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Pocketmags Digital Magazines
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Pocketmags Digital Magazines

It’s a new life

The charity helping to end clothing waste and supporting those in need

Fast fashion might only be perceived as a modern day issue, yet for the past 30 years, Newlife, the Charity for Disabled Children, has been running a recycled clothing operation where surplus high street fashion is sold on to raise money for life-changing equipment to help thousands of vulnerable children across the UK. Not only does this enhance the life of these disadvantaged kids, but it also helps save unwanted clothing items from landfill. We caught up with CEO of the charity, Sheila Brown, to find out more.

We wanted to have a positive social impact and, for us, that’s about helping people and the planet. Instead of just using the normal fundraising route, I had a background in retail, while my husband has worked in environmental youth work, in an area where if you asked young people to be green, they thought you were talking about a colour. It was an uphill struggle for him in those days. I was looking to raise money, and he was trying to get young people to be greener, so together we came up with the idea to make use of unwanted clothing. We realised we could have a positive impact by combining the two. We asked retailers what they did with the stock they no longer needed – like returns or over-orders. Around 28 years ago, people had no idea that they should be doing something different with these items. We have three sons and two of them have completely different disabilities, so it comes from a personal place, too.

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About Be Kind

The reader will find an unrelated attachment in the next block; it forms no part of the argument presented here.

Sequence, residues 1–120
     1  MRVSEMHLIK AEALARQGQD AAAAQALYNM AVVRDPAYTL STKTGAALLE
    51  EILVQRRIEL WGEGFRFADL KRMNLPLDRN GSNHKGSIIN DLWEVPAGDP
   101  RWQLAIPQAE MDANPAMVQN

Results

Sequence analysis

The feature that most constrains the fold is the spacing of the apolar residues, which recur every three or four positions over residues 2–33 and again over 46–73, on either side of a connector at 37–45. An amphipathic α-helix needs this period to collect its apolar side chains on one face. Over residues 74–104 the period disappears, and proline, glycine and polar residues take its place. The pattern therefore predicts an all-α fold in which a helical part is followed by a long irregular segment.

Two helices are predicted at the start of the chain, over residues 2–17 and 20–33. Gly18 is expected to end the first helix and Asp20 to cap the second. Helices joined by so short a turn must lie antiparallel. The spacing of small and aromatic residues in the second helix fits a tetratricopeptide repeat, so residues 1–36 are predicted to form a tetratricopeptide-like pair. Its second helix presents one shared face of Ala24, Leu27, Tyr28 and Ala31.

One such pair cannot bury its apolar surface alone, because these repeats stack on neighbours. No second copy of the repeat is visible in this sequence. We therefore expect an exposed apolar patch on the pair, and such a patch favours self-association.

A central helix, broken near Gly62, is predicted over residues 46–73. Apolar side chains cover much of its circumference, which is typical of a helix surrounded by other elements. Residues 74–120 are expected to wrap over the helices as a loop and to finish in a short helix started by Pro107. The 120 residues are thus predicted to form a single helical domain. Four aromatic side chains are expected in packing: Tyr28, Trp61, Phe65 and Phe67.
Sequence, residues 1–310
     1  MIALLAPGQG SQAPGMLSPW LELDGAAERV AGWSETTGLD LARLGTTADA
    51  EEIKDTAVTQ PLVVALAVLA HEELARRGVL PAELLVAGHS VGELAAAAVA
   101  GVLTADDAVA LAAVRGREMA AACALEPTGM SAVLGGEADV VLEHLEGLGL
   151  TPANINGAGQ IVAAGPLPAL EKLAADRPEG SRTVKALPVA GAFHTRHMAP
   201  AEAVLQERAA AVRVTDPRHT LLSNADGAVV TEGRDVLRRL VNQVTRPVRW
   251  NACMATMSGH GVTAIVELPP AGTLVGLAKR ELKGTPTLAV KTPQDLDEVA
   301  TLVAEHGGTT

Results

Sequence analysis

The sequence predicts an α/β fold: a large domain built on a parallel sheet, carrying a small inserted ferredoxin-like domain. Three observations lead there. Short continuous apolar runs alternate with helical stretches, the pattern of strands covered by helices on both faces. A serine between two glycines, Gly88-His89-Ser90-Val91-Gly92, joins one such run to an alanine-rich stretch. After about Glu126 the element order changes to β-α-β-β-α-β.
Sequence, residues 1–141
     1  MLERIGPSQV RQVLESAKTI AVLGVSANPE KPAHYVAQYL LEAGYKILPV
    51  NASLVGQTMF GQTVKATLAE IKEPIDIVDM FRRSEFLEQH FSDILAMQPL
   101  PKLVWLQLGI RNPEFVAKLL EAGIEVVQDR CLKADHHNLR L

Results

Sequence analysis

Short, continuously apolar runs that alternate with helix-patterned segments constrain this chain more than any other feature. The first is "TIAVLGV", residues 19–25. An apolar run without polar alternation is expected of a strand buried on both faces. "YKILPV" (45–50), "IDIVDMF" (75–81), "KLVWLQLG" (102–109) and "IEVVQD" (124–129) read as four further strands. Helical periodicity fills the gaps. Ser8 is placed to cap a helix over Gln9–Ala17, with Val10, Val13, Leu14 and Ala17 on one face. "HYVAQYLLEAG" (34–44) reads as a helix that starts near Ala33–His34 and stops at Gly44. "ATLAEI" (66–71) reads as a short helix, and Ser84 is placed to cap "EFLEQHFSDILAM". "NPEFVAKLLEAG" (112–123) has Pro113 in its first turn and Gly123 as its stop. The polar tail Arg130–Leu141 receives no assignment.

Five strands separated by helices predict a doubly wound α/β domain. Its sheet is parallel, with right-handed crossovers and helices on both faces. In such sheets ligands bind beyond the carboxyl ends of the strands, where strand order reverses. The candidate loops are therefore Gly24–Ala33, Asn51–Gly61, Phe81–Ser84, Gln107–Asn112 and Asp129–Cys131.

Hello, Most women can remember their first period. Maybe you were lucky enough to have someone comfort and reassure you during yours, or maybe you worked things out for yourself. Either way, for a lot of women, from that first period onwards, it’s a monthly event that is shrouded in shame. A hush-hush secret between friends, a missed PE lesson, a surreptitious tampon passed underhand from a colleague, a sanitary pad shoved up a sleeve, a handbag conspicuously carried to the bathroom – for something perfectly natural, experienced by 50 per cent of the population, why the stigma? We spoke to the brilliant illustrator Hazel Mead (p20) about period shame and how, with her clever drawings, she is breaking taboos and opening up the conversation. Her pieces challenge misconceptions around real topics – like feminism, sex and periods – and she is a passionate campaigner against period poverty. Like Hazel, it’s about bloody time we put an end to the humiliation and mystique around our periods, and liberated ourselves by talking about them honestly and openly. Aside from the emotional impact of periods, they create some shocking environmental damage, too. While we’re all trying our best to use our keep cups and Tupperware, we need to consider the footprint of our sanitary products. Each pad used is the equivalent of four plastic carrier bags – a female uses on average 11,000 throwaway period products in a lifetime, so, if these are all pads, that’s equal to 44,000 carrier bags. Fortunately, there are some great alternatives which are better for the planet and your pocket, too – find out more on p80. Enjoy the issue, Phillipa Editor